General Motors Corp saw its fourth-quarter sales drop 26 percent and ended the year desperately short of cash and dependent on a $13.4-billion government lifeline to remain in business.

So when the automaker reports fourth-quarter financial results on Wednesday, investors will be looking beyond the bad news for an update on its survival plan.

The key to valuing GM's shares and debt is the progress the company is making in crucial restructuring talks with creditors and the autos task force assembled by U.S. President Barack Obama to slash debt and secure new funding, analysts say.

How do we say that losses of billions of dollars and a cash burn rate of a similar magnitude are irrelevant? said Pete Hastings, fixed income analyst at Morgan Keegan on Wednesday. But what really matters is the funding plan.

GM lost $21 billion over the first three quarters of 2008 and the final quarter was the toughest as a slump in sales that began in the United States morphed into a global crisis.

On average, analysts surveyed by Reuters Estimates forecast a loss of $7.40 per share, excluding items, more than two and a half times the loss on a comparable basis from a year earlier.

But more important now will be what GM says about its remaining liquidity and options for government funding.

GM Chief Operating Officer Fritz Henderson has said that without the loan payouts from Treasury on the agreed schedule the automaker would have been run short of the cash needed to finance its operations.

Barclay's Capital analyst Brian Johnson said he expected GM would have burned through $7.1 billion in the quarter, excluding the first $4 billion it received in late December from the U.S. Treasury.

As the international environment weakens, we expect further downside to earnings and cash in 2009, Johnson said in a note for clients in early February previewing GM's fourth-quarter results.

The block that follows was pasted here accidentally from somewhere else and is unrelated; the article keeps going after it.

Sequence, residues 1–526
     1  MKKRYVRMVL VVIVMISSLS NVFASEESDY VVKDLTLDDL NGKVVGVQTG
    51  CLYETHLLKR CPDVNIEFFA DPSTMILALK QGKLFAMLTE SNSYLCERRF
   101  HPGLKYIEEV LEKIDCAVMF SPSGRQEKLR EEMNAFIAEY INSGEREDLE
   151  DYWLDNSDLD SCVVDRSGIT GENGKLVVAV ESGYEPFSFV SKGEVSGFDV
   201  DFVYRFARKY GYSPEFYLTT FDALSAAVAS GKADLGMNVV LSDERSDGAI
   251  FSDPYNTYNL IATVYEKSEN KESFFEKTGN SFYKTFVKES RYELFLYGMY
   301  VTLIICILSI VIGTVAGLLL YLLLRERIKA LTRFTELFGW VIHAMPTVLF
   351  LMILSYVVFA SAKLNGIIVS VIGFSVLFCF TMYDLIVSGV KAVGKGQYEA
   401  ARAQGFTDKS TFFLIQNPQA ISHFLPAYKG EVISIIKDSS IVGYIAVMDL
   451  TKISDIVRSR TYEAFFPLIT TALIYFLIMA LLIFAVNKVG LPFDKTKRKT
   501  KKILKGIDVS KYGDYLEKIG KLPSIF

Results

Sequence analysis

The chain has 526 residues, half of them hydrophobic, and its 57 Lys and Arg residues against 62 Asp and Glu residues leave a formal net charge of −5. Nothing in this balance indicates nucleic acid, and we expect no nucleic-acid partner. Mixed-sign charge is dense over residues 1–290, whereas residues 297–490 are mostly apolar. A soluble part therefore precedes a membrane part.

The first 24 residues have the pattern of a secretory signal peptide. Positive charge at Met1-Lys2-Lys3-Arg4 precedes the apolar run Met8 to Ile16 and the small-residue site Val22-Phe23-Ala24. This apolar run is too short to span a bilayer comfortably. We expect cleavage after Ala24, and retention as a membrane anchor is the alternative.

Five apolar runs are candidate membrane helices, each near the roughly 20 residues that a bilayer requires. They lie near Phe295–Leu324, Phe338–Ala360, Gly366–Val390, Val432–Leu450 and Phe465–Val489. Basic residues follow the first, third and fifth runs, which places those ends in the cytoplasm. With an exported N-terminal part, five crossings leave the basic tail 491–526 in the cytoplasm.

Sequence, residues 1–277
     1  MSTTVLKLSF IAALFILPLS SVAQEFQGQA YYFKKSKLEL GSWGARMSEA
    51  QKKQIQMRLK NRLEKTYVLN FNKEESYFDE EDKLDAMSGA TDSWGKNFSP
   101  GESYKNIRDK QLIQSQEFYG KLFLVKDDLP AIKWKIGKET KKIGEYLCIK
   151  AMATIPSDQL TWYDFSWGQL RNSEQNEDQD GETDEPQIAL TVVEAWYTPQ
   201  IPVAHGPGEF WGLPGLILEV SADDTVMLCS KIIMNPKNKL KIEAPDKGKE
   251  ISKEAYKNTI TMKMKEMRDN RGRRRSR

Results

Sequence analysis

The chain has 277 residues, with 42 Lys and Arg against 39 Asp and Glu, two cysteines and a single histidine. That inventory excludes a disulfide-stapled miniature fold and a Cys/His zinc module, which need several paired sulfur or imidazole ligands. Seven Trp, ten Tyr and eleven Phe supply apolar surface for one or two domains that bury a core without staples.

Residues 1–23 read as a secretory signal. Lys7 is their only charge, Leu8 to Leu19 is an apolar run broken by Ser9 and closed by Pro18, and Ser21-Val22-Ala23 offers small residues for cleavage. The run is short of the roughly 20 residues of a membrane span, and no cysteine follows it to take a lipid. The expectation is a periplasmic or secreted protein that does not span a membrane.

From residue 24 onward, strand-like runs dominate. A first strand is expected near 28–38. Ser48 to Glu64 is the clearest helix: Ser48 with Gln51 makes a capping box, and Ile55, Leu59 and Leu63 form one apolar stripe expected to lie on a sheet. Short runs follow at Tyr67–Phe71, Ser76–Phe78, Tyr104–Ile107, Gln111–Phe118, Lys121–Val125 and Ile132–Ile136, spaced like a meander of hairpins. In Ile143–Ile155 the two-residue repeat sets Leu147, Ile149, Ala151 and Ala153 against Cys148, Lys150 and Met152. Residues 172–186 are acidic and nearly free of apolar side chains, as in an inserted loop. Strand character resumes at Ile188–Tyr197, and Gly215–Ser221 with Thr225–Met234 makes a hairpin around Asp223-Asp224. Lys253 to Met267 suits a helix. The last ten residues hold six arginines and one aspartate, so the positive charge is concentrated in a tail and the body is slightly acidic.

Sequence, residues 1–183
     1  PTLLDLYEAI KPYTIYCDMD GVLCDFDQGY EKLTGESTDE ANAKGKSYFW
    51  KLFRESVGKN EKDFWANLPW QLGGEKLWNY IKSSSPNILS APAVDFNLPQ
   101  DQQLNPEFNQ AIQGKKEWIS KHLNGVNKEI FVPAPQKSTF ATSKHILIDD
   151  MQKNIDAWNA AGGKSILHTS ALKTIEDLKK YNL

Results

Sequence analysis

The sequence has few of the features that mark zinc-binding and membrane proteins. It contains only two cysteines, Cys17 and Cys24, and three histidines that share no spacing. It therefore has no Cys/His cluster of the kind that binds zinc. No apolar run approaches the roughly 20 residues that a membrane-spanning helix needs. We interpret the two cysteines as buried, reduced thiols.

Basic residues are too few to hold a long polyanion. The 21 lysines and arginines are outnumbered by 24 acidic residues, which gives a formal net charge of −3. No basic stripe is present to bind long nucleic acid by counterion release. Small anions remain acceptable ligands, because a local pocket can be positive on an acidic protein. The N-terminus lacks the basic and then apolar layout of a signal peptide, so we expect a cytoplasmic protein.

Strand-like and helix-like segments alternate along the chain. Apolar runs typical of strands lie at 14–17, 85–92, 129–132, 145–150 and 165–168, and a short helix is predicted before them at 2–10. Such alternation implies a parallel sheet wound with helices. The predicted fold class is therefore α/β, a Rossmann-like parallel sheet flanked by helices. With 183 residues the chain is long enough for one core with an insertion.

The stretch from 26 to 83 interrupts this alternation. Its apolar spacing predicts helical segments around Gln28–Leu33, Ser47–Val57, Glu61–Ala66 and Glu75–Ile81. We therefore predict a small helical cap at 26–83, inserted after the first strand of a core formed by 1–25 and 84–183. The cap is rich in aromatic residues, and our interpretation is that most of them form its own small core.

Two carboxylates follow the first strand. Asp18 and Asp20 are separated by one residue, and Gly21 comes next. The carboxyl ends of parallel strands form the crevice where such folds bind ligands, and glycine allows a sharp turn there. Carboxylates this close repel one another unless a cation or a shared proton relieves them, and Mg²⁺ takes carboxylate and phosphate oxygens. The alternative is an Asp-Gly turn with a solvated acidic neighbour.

GM has asked for up to $30 billion in government aid to survive outside bankruptcy, a scenario the automaker describes as a more expensive option for its own stakeholders and the U.S. government.

The release of GM's results on Thursday corresponds with a scheduled meeting between GM Chief Executive Rick Wagoner and the autos task force headed by U.S. Treasury Secretary Timothy Geithner and White House economic adviser Larry Summers.

GM, like its smaller rival Chrysler LLC, faces pressure to wrap up concession talks with the United Auto Workers union on how to cut funding promised to a healthcare trust fund.

GM's has offered the UAW up to $10.2 billion in new equity in order to give up a cash claim on half of the $20.4 billion it is owed for the trust fund.

The UAW reached a deal with Ford Motor Co this week on terms to restructure its own retiree healthcare debt to the union on similar terms.

But GM's parallel negotiations with its bondholders have been more difficult because debtholders have been asked to make a deeper concession than the UAW.

Under the terms of GM's bailout, bondholders representing some $27 billion in debt face pressure to swap into equity in a deal intended to cut remaining bond debt to about $9 billion.

But bondholders have objected to both GM's remaining debt load and the higher payout ratio for the UAW.

GM's shares have plunged by 89 percent over the past year partly in recognition of the risk that either the government-brokered restructuring or a bankruptcy would wipe out most of the automaker's current equity.

We continue to believe the government will support GM outside of a bankruptcy, J.P. Morgan credit analyst Eric Selle said in a note for clients this week.

GM could win a deal with bondholders to reduce its $27 billion in bond debt by 60 percent, he said, if the government were willing to offer a debt guarantee.

(Reporting by Kevin Krolicki; editing by Carol Bishopric)